Laura Kinsale presents...
the charming and hilarious new author, Susanna Malcolm, with a classic Regency that only Nicholas Boulton could narrate so perfectly.
Lord Gideon Birch, wounded former naval Captain and freshly minted Viscount, has a colorful history as a renowned lover of women. But a decade at war has transformed this sensual rake, and what he wants now is only to live a life on his own terms.
And so, he comes to the quietest village in England, searching for serenity and instead, encounters an astonishingly enthralling pair of green eyes that unsettle his carefully constructed world.
Though she would love nothing more than to leave Littleover, Miss Theadosia Ridley is sorely hampered by a lack of funds. Desperately trying to earn enough to feed herself and her ailing family servant, she must reluctantly accept Lord Birch's opportune offer of employment: He needs her and her knowledge of Greek to catalog and translate the extensive library he's accumulated over the course of the war.
Dubious of his motives, she vows to keep her distance from the dashing newcomer. But time in his company unveils a compelling man far more complex than his shallow reputation would lead one to believe. Can she uphold her vow not to succumb to his charms?
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Most disappointing book of the year
It started out so well. Brilliant narrator, came recommended (or at least so it seemed) on the facebook page of an author whose books I have really liked. A male MC with disabilities from the war, a female MC who knows languages. OK, so the title was sort of a red flag, but really, histrom narrated by Nicholas Boulton! Shared by Elizabeth Kingston! What could possibly go wrong?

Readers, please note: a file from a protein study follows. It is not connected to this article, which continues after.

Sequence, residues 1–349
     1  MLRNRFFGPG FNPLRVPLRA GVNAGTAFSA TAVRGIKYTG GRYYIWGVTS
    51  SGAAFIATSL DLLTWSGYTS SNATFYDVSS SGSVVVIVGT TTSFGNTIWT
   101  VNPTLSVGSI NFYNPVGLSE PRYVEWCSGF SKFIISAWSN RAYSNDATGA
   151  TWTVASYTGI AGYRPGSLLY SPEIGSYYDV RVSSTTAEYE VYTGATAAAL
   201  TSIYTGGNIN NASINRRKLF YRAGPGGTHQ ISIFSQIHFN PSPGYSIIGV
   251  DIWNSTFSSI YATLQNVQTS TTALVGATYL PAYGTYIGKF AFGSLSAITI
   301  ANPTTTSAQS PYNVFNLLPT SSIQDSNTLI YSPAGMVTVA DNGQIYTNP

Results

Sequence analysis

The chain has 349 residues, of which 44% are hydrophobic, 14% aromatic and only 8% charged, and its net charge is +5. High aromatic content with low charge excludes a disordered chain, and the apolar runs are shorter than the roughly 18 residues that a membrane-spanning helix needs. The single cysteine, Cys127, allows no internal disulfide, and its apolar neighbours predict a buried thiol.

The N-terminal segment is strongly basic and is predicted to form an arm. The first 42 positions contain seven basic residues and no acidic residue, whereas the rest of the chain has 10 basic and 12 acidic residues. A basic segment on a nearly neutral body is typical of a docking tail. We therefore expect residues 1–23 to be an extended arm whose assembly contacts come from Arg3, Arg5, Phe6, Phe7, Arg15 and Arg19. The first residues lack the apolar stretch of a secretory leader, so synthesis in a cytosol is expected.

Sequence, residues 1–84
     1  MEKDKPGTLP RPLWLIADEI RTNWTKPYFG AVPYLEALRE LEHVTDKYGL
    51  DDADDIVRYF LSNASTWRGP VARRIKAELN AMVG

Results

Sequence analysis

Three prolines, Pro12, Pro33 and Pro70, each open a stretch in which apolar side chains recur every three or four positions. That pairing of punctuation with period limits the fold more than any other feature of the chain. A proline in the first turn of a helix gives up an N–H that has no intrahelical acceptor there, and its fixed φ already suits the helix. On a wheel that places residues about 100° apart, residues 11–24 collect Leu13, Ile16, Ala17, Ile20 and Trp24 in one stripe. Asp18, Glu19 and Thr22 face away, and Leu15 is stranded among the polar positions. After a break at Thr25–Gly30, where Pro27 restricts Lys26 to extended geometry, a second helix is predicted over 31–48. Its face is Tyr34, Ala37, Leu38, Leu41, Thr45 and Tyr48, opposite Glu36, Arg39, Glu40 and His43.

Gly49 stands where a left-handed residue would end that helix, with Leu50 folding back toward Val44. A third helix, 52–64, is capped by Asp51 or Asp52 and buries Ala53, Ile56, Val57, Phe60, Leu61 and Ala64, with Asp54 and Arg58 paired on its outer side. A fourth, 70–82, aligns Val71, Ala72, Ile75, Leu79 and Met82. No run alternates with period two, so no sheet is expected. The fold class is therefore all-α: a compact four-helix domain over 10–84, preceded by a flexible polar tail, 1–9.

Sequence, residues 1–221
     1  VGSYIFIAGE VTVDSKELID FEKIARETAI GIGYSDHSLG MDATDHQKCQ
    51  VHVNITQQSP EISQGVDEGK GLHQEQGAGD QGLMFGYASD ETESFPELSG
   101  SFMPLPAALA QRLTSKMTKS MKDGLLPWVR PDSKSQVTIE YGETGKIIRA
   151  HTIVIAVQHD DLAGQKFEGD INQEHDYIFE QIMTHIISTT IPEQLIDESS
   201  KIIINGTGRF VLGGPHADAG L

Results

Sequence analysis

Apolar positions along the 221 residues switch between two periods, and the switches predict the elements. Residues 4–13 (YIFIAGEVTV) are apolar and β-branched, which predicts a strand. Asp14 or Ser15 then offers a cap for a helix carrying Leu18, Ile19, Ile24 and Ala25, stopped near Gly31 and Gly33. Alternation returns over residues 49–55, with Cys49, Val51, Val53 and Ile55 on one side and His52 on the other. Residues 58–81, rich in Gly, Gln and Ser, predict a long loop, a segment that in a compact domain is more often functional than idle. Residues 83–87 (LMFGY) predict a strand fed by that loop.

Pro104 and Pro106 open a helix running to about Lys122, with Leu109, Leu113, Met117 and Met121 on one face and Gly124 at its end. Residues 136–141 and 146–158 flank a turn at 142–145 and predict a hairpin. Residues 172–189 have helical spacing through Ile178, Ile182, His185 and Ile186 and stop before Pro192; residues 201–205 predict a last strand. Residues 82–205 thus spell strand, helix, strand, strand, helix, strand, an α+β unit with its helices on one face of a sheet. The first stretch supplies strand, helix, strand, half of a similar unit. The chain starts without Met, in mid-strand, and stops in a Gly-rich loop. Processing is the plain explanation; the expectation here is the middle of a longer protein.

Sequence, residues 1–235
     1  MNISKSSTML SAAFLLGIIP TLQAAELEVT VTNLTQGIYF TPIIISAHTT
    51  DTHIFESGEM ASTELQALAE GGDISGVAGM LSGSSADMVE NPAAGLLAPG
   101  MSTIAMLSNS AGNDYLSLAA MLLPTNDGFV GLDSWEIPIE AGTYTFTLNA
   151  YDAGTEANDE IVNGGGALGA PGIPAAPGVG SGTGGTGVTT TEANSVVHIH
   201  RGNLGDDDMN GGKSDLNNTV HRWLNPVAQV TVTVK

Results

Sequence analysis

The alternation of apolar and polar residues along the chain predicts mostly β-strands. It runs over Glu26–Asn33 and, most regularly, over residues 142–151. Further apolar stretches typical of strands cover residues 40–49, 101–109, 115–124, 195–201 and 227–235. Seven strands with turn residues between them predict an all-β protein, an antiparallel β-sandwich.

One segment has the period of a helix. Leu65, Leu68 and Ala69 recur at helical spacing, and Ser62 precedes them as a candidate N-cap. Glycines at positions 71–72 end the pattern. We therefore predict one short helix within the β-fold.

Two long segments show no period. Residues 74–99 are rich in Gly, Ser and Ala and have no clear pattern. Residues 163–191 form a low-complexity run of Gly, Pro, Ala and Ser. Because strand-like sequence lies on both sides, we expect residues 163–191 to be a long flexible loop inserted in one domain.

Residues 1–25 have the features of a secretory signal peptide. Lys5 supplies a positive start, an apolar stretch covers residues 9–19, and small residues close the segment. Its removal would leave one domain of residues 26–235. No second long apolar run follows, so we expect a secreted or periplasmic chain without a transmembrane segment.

The first 2/3 of the book was mostly OK. A few niggles, sure, but nothing major if the male MC (Gideon) steps up further on (spoiler alert: he doesn't).
OK, so a short recap (and this will most likely contain tonnes of spoilers): Gideon, Captain Lord Birch, is a Viscount recently back from the navy, where he's been heroic enough to earn his title. He's been known as a rake in his younger years, but now he only wants to live in peace in the country with his dogs and a bunch of books he saved from destruction (his spoils of war). He meets Thea, Miss Theodosia Ridley, a quirky Gentleman's daughter, destitute by being orphaned in her late teens or early twenties and caring for an elderly, sick servant who is more like family. She knows Greek and Gideon, immediately besotted by her looks, hires her to organise his library. He's extra glad to hear she's destitute, because then she will definitely say yes to work for him!
Gideon has hardly any servants, and although he's been raised as a gentleman, he sees nothing wrong in letting her spend a lot of time alone with him in his house without a chaperone of any kind, so apparently he doesn't see her as a lady? He touches her leg, uninvited. He kisses her, uninvited, and doesn't understand why she's upset by it. She has a back story of a suitor who after courting her left to marry a girl of means, so she's been burned and also has a bit of a reputation in the village. He doesn't seem to care anything about propriety or her reputation. But he loves her! And dreams of her every night! Especially her body! Especially her round derriere! (Funny, I didn't know you could really see someone's derriere under regency dresses).